Grand Am, ALMS merge…goodbye LMP’s

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If you’ve been listening or reading F1B for any length of time, you know I really like the ALMS as well as its inspiration, Le Mans or the WEC. Having been to several Petit Le Mans, I considered the ALMS the best racing in America. No offense meant toward NASCAR or Grand Am, they are both good series, I just preferred the ALMS and close ties with Le Mans with classes and the racing it produced.

The big news this week is the merger of Grand Am and ALMS with Don Panoz and Jim France making the announcement on Wednesday. The series doesn’t have a name yet but its garnered the praise of the ACO’s president, Pierre Fillon, and series organizers say they wish to remain close to Le Mans. The ACO released a statement that said:

“The ACO is delighted about this merger, which will increase the already large audience for endurance in North America and at the same time boost its international impact.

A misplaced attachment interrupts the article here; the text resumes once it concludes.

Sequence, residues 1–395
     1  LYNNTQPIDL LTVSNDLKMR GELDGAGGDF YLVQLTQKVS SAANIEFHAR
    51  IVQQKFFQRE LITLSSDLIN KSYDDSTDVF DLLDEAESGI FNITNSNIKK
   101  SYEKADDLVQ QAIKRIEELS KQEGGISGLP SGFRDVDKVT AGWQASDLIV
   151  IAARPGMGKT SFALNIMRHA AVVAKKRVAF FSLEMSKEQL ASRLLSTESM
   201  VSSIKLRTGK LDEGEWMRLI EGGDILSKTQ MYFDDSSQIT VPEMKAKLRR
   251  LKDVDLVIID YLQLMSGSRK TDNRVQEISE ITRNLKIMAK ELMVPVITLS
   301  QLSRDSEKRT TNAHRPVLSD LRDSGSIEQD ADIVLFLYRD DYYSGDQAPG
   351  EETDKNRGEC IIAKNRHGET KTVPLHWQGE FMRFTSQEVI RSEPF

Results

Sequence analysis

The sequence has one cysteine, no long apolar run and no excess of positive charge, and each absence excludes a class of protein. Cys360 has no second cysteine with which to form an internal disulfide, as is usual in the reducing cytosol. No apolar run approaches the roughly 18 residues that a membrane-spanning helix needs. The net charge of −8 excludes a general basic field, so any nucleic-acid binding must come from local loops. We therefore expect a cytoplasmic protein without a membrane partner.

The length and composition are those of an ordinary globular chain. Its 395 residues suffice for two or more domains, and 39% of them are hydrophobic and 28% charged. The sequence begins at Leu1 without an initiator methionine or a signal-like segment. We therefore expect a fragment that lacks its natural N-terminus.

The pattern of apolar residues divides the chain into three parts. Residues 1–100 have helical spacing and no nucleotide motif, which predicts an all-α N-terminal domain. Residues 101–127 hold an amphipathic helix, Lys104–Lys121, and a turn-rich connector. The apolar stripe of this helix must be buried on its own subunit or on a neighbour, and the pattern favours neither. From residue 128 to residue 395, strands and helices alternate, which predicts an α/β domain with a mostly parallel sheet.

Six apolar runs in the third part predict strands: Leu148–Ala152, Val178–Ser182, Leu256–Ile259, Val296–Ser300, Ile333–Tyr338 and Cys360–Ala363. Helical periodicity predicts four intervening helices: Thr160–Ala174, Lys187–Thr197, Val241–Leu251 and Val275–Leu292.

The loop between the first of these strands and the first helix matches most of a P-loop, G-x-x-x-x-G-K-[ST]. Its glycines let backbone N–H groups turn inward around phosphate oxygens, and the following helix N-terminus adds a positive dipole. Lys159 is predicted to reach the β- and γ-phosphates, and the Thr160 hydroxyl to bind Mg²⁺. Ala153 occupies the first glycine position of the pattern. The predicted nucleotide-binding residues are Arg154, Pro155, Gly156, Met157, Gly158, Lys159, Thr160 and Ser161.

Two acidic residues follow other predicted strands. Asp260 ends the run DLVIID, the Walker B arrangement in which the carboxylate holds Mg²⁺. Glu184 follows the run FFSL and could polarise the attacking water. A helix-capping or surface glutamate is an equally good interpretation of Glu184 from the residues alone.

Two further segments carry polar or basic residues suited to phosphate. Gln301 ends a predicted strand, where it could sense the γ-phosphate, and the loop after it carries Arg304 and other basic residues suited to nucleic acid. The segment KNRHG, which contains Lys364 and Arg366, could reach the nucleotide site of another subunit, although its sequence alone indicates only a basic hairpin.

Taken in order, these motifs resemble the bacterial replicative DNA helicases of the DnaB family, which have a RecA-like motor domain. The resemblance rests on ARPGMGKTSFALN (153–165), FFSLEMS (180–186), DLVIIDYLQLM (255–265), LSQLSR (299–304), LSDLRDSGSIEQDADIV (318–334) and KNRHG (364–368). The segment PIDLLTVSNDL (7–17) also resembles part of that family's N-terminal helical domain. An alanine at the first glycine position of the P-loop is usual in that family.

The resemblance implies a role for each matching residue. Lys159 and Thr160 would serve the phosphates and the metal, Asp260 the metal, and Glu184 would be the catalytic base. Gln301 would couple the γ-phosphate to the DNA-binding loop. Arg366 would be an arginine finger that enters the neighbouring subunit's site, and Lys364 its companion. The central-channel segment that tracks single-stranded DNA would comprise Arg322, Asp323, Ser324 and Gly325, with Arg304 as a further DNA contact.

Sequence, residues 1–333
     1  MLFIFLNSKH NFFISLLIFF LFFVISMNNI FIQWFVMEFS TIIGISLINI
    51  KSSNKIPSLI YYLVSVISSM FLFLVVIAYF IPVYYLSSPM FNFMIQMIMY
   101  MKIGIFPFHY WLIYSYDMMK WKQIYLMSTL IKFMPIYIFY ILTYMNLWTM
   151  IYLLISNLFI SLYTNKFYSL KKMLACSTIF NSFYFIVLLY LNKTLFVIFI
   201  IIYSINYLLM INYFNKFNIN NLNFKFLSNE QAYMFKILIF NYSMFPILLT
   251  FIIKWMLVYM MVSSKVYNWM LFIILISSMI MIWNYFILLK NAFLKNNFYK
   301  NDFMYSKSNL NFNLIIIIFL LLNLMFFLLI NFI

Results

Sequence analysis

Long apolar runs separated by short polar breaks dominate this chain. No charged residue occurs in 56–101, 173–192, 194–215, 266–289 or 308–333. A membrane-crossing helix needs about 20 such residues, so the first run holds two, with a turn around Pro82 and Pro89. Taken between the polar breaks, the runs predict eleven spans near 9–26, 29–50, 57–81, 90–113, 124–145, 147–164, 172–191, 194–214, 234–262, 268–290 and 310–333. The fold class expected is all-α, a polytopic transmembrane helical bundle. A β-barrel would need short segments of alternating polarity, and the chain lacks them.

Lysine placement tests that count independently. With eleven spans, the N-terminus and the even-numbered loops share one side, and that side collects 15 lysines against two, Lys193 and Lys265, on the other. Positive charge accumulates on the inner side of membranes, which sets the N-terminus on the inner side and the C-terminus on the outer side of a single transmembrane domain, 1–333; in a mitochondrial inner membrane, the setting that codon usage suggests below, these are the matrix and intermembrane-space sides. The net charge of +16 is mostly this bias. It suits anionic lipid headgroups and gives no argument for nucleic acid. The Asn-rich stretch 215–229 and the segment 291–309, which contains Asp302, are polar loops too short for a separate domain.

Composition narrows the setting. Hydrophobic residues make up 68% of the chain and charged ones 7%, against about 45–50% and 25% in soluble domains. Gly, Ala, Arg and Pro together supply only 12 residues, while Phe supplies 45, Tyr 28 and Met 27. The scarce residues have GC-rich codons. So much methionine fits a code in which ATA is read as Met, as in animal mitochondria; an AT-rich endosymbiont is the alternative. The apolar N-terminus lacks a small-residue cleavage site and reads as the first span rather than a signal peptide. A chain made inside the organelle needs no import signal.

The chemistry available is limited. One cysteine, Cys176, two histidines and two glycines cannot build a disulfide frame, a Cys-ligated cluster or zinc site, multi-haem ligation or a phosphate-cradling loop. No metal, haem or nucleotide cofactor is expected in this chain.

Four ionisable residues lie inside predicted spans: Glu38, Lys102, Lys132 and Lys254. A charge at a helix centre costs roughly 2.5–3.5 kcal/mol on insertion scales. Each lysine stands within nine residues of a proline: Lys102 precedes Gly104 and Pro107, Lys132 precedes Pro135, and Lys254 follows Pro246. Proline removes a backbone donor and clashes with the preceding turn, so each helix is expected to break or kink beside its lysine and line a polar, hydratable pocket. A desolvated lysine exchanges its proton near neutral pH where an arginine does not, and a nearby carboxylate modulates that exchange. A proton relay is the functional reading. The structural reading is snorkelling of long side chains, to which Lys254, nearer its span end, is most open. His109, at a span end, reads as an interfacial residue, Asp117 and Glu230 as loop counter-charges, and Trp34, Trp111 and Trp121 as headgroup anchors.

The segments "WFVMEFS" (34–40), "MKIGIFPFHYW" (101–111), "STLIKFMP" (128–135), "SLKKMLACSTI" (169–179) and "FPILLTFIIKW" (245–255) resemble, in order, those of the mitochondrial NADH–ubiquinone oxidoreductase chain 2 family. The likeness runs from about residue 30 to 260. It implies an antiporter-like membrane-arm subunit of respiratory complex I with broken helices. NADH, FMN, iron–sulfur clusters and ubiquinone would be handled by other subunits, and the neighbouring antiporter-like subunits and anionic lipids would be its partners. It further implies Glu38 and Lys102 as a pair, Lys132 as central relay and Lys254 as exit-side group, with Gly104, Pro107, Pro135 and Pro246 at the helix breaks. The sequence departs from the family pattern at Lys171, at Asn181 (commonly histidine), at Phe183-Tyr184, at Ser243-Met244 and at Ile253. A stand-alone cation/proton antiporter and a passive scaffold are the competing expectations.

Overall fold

“The quality of the two organisations combined is a guarantee of confidence concerning the perpetuation of the values and prestige of the Le Mans 24 Hours on the American continent.”

The dissappointing element of the merger is the removal of the LMP class. Panoz said:

“In our situation were are not thinking about an LMP1 class,” he explained. “We are thinking about prototypes, advanced prototypes. We are American based and this series we are putting together is an American sportscar series and we need to take care of our own market.”

I understand that. I get the point that the DP class, besides being ugly, is less expensive and features American manufacturer support, engines etc. I also understand that the LMP class is more Le Mans-centric and usually consists of exotic chassis and engine combinations that don’t appeal to the average American consumer. Still…it is what they race at Le Mans and the winners in ALMS were guaranteed a slot at the 24 hours of Le Mans. DP cars won’t fit that model.

Many fans consider the GT classes in Le Mans and Grand Am as where the real racing is at. I can’t disagree with them as the Corvettes, Ferrari’s, Porsche’s and other cars all fight for supremacy. Would the remaining invitation to Le Mans be for GT class winners? Would a less expensive DP class have an invite that would allow them to build an LMP for the 24 Hours? I can’t imagine a team wanting to build an LMP for one shot but it’s been done many times before.